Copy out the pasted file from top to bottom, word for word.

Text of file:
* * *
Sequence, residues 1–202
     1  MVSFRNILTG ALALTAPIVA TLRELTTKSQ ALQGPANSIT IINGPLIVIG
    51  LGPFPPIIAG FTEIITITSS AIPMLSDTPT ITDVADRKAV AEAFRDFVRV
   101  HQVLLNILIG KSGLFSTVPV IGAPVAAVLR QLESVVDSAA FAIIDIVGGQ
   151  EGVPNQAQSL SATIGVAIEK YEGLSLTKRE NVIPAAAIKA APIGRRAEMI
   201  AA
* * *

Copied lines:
Sequence, residues 1–202
     1  MVSFRNILTG ALALTAPIVA TLRELTTKSQ ALQGPANSIT IINGPLIVIG
    51  LGPFPPIIAG FTEIITITSS AIPMLSDTPT ITDVADRKAV AEAFRDFVRV
   101  HQVLLNILIG KSGLFSTVPV IGAPVAAVLR QLESVVDSAA FAIIDIVGGQ
   151  EGVPNQAQSL SATIGVAIEK YEGLSLTKRE NVIPAAAIKA APIGRRAEMI
   201  AA